22 And when the time came for their purification according to the Law of Moses, they brought him up to Jerusalem to present him to the Lord 23 (as it is written in the Law of the Lord, “Every male who first opens the womb shall be called holy to the Lord”) 24 and to offer a sacrifice according to what is said in the Law of the Lord, “a pair of turtle-doves, or two young pigeons”. 25 Now there was a man in Jerusalem, whose name was Simeon, and this man was righteous and devout, waiting for the consolation of Israel, and the Holy Spirit was upon him. 26 And it had been revealed to him by the Holy Spirit that he would not see death before he had seen the Lord’s Christ. 27 And he came in the Spirit into the temple, and when the parents brought in the child Jesus, to do for him according to the custom of the Law, 28 he took him up in his arms and blessed God and said,
29 “Lord, now you are letting your servant[d] depart in peace,
according to your word;
30 for my eyes have seen your salvation
31 that you have prepared in the presence of all peoples,
32 a light for revelation to the Gentiles,
and for glory to your people Israel.”
33 And his father and his mother marvelled at what was said about him. 34 And Simeon blessed them and said to Mary his mother, “Behold, this child is appointed for the fall and rising of many in Israel, and for a sign that is opposed 35 (and a sword will pierce through your own soul also), so that thoughts from many hearts may be revealed.”
36 And there was a prophetess, Anna, the daughter of Phanuel, of the tribe of Asher. She was advanced in years, having lived with her husband seven years from when she was a virgin, 37 and then as a widow until she was eighty-four.[e] She did not depart from the temple, worshipping with fasting and prayer night and day. 38 And coming up at that very hour she began to give thanks to God and to speak of him to all who were waiting for the redemption of
39 And when they had performed everything according to the Law of the Lord, they returned into Galilee, to their own town of Nazareth. 40 And the child grew and became strong, filled with wisdom. And the favour of God was upon him.
Thoughts From Many Hearts
When Jesus is encountered by a righteous elder, Simeon, who has been faithful in service to God, warns Jesus’ mother that her son will cause her pain. What can pain a mother more than being rejected when you try and prevent him from making a fool of himself (Matthew 12:46-50)? What can be more painful than standing powerless as Jesus walks a way that will get him killed? What can be more painful than standing and watching as your son’s body is mutilated beyond recognition and life slips from his body? It is a joy to imagine a son who restores the hopes of Israel, but not in the ways that she has to suffer. It will be like a Roman soldier takes his sword and runs her through as she watches his life unfold and seemingly unravel.
Jesus reveals hearts. He is not a superficial person. He is not ultimately interested in the excuses that we make or the self-medication that we choose. He wants to expose the source of our pain and heal it at the root. He is not interested in our many achievements, our rewards, our affirmation of our flesh. He is interested in the vacuous hall of our heart that aches with emptiness although it hangs plaques and trophies on the walls. He will take residence there and fill the chambers with warmth and joy, but only if the Christian opens the door and lets him in. Most hearts are revealed to be cold stone castles wrought for defence and isolation. We fill our moats with sarcasm, business, games, and noise. Jesus has to assault us, he has to be patient as he lays siege. He waits. He knocks. He knocks. He knocks.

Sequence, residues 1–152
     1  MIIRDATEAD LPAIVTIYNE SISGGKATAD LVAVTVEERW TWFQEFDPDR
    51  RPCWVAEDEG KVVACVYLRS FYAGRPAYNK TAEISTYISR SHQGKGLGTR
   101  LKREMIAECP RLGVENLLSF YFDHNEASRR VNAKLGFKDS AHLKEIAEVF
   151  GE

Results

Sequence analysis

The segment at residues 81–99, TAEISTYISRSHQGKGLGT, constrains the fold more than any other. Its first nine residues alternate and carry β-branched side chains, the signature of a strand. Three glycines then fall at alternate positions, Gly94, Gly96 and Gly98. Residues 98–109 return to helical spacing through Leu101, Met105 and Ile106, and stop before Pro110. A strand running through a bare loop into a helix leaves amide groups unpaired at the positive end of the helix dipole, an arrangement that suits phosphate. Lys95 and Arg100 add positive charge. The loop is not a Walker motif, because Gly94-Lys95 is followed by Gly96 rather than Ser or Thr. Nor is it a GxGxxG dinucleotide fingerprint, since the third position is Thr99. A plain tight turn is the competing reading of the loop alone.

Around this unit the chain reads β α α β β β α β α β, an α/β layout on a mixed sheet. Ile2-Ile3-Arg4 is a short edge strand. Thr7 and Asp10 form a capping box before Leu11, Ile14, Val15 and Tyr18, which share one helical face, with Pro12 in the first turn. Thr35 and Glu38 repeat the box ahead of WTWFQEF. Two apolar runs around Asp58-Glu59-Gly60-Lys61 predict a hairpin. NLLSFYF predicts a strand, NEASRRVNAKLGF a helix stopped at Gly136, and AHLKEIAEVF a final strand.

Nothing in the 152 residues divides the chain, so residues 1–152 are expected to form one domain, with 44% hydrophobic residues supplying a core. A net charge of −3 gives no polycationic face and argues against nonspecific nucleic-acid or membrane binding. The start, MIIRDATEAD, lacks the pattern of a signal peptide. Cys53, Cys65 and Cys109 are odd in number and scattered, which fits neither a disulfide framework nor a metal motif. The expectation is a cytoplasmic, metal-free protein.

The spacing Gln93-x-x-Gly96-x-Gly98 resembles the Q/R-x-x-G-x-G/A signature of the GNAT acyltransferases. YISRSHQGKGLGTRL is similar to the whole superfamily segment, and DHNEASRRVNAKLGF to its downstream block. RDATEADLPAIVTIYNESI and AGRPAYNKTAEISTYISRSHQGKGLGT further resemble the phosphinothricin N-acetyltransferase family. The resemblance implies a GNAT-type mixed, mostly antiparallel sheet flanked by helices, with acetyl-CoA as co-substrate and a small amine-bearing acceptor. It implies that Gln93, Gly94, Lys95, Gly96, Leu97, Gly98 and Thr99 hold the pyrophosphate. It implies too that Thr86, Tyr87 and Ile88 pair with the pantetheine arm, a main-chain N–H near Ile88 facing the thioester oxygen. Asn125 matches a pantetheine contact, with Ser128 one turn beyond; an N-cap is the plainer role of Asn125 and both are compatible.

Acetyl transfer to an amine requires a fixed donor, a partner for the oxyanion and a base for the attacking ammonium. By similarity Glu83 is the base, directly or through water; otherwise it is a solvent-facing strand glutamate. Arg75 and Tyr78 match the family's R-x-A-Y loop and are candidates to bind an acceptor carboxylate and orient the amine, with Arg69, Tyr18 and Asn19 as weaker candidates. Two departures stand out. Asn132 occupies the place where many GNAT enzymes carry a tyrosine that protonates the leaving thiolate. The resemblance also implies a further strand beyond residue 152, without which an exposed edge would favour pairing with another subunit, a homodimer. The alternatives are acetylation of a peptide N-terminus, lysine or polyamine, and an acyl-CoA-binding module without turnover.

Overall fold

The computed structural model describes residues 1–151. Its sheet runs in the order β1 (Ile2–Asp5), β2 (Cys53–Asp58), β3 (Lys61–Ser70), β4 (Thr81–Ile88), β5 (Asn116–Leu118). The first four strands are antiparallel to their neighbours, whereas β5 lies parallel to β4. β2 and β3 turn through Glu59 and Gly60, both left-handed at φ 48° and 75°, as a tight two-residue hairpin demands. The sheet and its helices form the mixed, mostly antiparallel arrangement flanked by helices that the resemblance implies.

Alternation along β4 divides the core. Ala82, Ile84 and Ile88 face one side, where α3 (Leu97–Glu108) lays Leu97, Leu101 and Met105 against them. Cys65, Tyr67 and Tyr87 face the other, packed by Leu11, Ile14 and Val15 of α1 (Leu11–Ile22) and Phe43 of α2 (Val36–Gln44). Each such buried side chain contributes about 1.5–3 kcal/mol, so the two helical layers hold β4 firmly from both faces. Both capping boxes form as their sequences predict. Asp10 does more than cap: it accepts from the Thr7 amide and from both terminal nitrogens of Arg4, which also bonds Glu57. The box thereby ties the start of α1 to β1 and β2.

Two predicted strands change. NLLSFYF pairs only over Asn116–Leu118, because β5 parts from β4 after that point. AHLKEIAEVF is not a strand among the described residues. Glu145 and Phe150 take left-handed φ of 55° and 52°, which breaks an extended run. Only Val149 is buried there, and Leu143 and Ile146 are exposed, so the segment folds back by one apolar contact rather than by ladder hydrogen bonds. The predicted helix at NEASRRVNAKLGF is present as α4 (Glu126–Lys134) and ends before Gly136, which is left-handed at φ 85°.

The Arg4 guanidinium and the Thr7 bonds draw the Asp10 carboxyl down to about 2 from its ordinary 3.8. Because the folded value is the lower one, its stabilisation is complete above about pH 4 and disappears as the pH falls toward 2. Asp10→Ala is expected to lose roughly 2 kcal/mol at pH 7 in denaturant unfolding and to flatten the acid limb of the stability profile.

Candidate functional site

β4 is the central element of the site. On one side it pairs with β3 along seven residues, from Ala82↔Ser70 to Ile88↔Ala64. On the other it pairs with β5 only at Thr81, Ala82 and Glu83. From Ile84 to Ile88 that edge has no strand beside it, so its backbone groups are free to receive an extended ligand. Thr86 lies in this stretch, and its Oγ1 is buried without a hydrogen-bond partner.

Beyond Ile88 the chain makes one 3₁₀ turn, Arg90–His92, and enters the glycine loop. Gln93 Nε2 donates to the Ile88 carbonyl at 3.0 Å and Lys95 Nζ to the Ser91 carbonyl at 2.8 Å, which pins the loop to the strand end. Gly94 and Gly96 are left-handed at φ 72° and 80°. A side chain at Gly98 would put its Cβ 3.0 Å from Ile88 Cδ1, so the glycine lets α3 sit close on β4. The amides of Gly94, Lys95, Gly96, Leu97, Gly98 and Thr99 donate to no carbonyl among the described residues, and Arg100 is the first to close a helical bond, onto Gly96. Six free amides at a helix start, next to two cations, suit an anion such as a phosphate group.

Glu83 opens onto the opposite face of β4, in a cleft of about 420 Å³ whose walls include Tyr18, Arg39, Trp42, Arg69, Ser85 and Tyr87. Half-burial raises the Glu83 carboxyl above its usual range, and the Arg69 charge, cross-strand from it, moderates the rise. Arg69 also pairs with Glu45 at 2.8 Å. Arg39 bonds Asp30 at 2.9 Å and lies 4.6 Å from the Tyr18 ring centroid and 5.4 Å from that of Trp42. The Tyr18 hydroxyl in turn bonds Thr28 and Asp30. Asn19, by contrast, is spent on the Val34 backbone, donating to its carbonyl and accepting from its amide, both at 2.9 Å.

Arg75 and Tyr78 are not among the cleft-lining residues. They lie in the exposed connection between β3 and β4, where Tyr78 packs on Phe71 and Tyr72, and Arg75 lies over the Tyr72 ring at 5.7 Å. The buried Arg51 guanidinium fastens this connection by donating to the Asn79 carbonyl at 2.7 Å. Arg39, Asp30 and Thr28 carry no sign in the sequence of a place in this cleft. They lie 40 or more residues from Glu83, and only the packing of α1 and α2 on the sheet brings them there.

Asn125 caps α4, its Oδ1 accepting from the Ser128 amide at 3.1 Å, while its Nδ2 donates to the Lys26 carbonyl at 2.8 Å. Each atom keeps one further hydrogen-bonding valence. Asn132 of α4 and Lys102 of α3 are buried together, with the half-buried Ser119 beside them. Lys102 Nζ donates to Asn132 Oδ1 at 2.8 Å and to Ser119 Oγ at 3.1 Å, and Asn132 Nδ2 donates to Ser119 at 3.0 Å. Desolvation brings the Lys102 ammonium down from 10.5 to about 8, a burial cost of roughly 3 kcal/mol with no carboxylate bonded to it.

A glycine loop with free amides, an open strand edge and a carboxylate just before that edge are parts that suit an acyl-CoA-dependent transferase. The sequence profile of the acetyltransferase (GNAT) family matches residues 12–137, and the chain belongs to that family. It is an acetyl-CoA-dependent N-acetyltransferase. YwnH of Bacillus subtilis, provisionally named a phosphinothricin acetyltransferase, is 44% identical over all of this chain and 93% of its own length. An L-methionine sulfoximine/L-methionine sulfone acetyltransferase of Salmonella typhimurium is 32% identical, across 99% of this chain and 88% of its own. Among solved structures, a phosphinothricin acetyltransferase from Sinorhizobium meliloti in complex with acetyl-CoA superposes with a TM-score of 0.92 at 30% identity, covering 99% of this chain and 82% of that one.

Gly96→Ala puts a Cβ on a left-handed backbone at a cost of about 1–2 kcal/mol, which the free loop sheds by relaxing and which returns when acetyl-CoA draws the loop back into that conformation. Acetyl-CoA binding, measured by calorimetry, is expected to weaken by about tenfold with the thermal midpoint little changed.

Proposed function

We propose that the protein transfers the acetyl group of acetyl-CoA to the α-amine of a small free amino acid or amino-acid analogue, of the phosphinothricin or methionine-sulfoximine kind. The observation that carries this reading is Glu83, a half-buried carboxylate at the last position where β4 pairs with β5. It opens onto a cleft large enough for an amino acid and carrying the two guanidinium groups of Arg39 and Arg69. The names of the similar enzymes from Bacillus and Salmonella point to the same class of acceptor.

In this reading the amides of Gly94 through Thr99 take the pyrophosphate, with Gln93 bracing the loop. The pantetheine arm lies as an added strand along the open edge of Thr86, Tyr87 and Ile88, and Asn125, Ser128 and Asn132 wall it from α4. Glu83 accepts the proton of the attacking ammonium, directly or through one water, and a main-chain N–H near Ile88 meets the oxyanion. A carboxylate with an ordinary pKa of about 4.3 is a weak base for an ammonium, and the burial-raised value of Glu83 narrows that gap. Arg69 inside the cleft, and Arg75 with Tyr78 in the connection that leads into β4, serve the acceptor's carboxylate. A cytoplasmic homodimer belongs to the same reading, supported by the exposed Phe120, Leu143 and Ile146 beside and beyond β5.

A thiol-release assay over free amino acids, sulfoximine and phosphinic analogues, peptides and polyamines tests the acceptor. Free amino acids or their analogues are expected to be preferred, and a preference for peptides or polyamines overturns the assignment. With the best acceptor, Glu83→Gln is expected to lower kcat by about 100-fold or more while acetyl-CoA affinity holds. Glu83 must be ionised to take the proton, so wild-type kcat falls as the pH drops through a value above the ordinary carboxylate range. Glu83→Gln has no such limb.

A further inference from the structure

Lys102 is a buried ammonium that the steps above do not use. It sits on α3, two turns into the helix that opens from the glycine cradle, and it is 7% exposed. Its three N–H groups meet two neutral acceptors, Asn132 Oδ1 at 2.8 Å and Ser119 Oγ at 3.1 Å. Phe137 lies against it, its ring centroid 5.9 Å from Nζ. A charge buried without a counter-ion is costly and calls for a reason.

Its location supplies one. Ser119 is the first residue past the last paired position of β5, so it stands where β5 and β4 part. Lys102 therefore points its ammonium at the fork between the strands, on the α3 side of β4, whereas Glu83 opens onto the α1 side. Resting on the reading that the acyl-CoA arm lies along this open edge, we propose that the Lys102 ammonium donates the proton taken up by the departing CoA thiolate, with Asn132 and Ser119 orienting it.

He knows what reality dwells in the deepest layers of our subconscious. In quietness and solitude he may reveal rooms that we never knew existed. He develops capacity and courage to venture into the darkest dungeons and he takes thoughts captive. He demolishes the objections of our futile thinking and disarms our memories of their venomous sting. Self-recrimination is exiled with its weapons of guilt and shame. Pride is abandoned in the presence of one who is so much more powerful. We allow him free access and we bow before him. From being an alien in the heart he has conquered, he becomes king. We are adopted and he raises us up as heirs to a royal throne. We become lion-hearted. We also become humble servants, and we aid him as he lays siege to the hearts of others, knowing the hospice he brings.
God, be my light. Jesus reveal to me the heart I have constructed made of rotted flesh and death. Create in me a pure heart by stripping away the putrefied cathedral I have constructed in honour of apathy, guilt, lust and fear. It is not who I am. It is not who you called me to be. You have made in me a humble heart of a lion. You have given me words of truth from your word to life. Let me be healed and then heal. Let me be a hospitaler for the healing of the nations.
- What role does righteousness play in this passage?
- How are righteousness, blessing, and the heart related?
- How is Mary a microcosm of Jesus’ mission?
- How is your heart deeply dredged by Jesus?
- How are you a healer when others have their hearts exposed?